Spoonerock's Dodge Charger Home
"The New Fastback"
1966 - 1967
1968 - 1970
1971 - 1974
Isn't it time you joined the Dodge Rebellion?

The centerpiece of Dodge's 1966 efforts was the Charger, based on the Coronet, but with a fastback roofline and unique (if similar) front clip that resembled the Coronet, but had retractable headlights, giving the car a sporty look. A round Charger crest was featured in the center of the convex grille, and the Charger name was spelled in block letters across the full length of the single, full-width tail-light. The rear bucket seats - unusual at the time - folded forward individually - also unusual. The instrument panel was actually unique to the Charger featuring four large, round pods directly in front of the driver. Both sticks and automatics got a floor shifter in a full-length console between the front seats.


The Charger came standard with a sturdy 318 V-8, then still new and producing 230 hp (gross; about 170 net?) at 4,400 rpm. The 2bbl 361 and 4bbl 383 were also options; the Hemi came in mid-year. The 318 Charger came standard with a 3 speed manual, and the bigger engines came with either a 4 speed manual (with Sure-Grip differential) or the Torqueflite automatic.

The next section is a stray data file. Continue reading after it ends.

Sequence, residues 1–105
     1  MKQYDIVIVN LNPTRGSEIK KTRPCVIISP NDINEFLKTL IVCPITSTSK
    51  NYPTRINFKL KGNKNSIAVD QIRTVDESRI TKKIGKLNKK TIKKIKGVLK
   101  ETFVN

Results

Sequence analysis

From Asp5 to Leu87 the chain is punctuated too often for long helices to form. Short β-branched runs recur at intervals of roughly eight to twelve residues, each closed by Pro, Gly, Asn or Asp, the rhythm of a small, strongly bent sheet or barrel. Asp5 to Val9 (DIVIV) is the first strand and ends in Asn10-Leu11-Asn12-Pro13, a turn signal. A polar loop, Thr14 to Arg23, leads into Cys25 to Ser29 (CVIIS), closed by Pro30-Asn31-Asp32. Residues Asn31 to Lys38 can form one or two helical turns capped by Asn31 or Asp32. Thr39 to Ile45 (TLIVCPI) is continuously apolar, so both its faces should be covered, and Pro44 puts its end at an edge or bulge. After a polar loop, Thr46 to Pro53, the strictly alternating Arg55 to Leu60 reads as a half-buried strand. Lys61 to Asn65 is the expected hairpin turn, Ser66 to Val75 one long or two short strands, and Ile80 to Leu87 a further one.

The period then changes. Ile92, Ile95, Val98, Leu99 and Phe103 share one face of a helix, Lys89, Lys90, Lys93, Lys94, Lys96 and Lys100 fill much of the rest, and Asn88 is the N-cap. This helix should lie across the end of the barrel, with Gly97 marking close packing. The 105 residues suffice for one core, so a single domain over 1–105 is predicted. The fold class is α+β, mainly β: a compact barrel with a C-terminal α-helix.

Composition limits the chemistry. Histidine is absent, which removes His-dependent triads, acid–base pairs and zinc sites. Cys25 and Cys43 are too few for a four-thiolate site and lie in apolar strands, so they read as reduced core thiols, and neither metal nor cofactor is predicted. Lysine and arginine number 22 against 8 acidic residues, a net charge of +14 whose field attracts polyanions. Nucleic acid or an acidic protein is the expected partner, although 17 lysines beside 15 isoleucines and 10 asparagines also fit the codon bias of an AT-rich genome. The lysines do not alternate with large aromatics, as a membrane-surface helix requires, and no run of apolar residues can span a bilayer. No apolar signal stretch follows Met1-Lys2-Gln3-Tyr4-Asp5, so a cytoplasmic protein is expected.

The 1966 Dodge Charger was introduced on New Year’s Day, and it didn’t take long for the 1967 model to replace it, with few changes. The 318 lost 55 pounds of weight without any disadvantage; the 361 was replaced by a mild two-barrel 383; and the 440 Magnum became available with 375 hp. Trim was upgraded, with new chrome and fender-mounted turn signals, as well as a new center section in front and optional




split seats. The Charger had all the Coronet 500 luxury features, and both years had fold-flat rear seats, for 7 feet of cargo area, as well as a tachometer and full instrumentation. More serious options included a heavy duty suspension with stabilizer bar, towing package, and big 11 inch front disc brakes. This generation weighed about 3,600 pounds and rode a 117 inch wheelbase, with a 75 inch width, 204 inch length, and 54 inch height; it took 41 feet to turn around.

The Charger did very well on the NASCAR circuit, winning the manufacturer's championship, but sales were poor, with only 37,344 1966 Chargers sold, a mere 468 with the 426 Hemi engine (which sold for about 1/3 of the car's base price!). In its second year, a mere 15,000 were sold, including 118 Hemis.

1966 - 1967 Dodge Charger Web Links:

* My 1967 Dodge Charger Restoration Project

* My First 1966 Dodge Charger